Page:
The trade deadline illuminated a common issue for the struggling Mets, Angels, Reds, and Diamondbacks: lack of diversity on their rosters.


Since the August 1st deadline, each of these teams has experienced a series of setbacks, with all four having lost seven games.


However, what’s drawing attention beyond the scores is the limited representation of MLBbros, or Black players, on their active lineups. Notably, the Angels feature Jordyn Adams, the Reds showcase Will Benson, and the Diamondbacks have Alek Thomas and Tommy Pham.

The Mets don’t have a single MLBbro on their active roster. 


This discrepancy is further pronounced due to the impact of injuries, particularly for the Angels and Reds. Jo Adell (left oblique strain), Hunter Greene (right hip pain), and Justin Dunn (right shoulder strain) are sidelined on the 60-day injured list,  impacting the representation statistics for these teams.


The Mets traded away Pham, their lone MLBbro,  during a dump of players after their major-league payroll record of nearly $430 million in salaries plus luxury tax penalties didn’t pay off this season.

Pham wound up joining Thomas in Arizona, while Kyle Lewis was recently sent down to the Triple-A Reno Aces, where he’s hitting .349 on the year and is 5-for-10 since his demotion on Aug. 3. 


With the Mets seven and a half games back in the wild-card race, owner Steve Cohen is calling for another rebuild around Francisco Lindor.

This is due to Pete Alonso avoiding arbitration by agreeing in January to a contract that will pay him $14.5 million this season.

The salary is a record for a first baseman in his second season of arbitration eligibility.

But the Mets may allow the star first baseman to test free agency, since he was reportedly on the market during the trade deadline, but the asking price was too high for other teams.


“It turned out that it was a moment in time when other clubs are thinking very short-term, and I was thinking more intermediate-term, so I was able to take advantage,” Cohen said of the trade deadline.


The Mets, who pursued bolstering their farm system for the future, neglected to add more than one MLBbro to their prospects. 


The Mets could make a move like the Braves in 2022, calling up MLBbro Michael Harris II from Double-A for a spark.

But the options are slim as their only MLBbro on the top-30 prospects according to is Jeremiah Jackson, who the Mets acquired from the Angels at the trade deadline.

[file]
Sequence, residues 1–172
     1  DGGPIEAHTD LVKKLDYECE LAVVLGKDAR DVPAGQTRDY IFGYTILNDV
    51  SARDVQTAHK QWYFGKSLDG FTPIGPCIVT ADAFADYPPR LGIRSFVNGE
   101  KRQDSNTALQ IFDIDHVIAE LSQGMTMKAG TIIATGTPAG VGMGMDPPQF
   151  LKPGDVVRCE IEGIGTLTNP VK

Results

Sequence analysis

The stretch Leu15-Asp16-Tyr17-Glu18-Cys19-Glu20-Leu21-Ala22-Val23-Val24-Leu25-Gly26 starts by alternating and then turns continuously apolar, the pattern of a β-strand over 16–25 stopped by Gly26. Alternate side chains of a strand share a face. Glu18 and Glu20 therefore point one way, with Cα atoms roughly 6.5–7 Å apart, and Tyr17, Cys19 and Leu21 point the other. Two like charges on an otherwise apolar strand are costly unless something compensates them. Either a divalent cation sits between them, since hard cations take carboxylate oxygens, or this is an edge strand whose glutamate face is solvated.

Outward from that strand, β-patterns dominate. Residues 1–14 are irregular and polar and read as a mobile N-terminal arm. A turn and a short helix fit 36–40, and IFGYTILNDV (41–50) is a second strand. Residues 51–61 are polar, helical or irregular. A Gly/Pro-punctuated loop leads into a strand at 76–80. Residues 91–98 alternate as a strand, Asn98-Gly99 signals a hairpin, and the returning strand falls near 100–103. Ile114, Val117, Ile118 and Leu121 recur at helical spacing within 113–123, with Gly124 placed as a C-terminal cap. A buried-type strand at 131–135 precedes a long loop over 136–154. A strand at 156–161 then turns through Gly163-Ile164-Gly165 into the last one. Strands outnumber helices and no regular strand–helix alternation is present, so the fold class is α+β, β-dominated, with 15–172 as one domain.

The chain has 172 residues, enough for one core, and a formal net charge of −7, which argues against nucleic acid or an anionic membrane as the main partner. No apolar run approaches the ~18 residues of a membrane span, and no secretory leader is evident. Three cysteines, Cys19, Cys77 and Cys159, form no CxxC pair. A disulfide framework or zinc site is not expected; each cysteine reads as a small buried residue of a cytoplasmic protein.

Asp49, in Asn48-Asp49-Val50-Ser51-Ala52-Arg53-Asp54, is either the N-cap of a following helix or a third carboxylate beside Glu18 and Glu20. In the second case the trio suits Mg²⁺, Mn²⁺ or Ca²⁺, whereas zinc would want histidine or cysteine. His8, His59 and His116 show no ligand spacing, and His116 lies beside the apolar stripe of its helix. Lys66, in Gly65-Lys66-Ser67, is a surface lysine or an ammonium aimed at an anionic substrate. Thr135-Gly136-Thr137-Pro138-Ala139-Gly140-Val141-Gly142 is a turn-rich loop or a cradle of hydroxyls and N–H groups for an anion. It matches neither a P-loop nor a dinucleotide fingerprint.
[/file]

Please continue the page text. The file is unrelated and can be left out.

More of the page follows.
The 23-year-old shortstop is batting .240 with 16 homers, 62 RBI, and 22 stolen bases this season for the Double-A Binghamton Rumble Ponies.

Jackson has 40 games of experience at third base, with 30 of those games coming in 2023 at Double-A. None of the Mets’ third basemen on their depth chart are currently hitting over .215. 


Although the Angels claimed to have been making their first playoff push in part by acquiring five new players at the trade deadline, they are still struggling. But notably, the team that is now seven games back in the American League wild card is lacking bros.

Anaheim’s No. 21 prospect Adams made his debut on Aug. 2, and the Angels’ No. 3 prospect, according to MLB, is Werner Blakely, who’s currently with the High-A Tri-City Dust Devils, but those are their only MLBbros in the top-30 prospects.


The Reds and D’backs are in the hunt for the final National League wild-card spot with both teams less than two games back.

It’s ironic that both of these teams have at least one MLBbro in their top-30 prospect list; Arizona’s top prospect is  Jordan Lawlar. 

MLB Lacking Black Representation 

Across the board, the absence of Black players in key roles reverberates throughout the league.

The impact of this representation gap extends beyond the game itself, affecting the visibility and aspirations of young Black athletes.

The emergence of role models is crucial for attracting diverse talent and cultivating a broader fan base.


Ultimately, the disparity in diversity among these teams underscores a pivotal aspect of baseball’s cultural and societal role.

The choices made by organizations in cities like Los Angeles, New York, Phoenix, and Cincinnati hold the power to influence and inspire the next generation of players. 


It helps that there are youth academies in Cincinnati and Compton for kids from those areas to get more exposure to the game, but a major city like New York has two MLBbros and neither play for the Mets. 


By addressing the underrepresentation of Black athletes, these teams have the opportunity to make a profound impact on the game’s trajectory and its accessibility to all backgrounds, especially marginalized communities.

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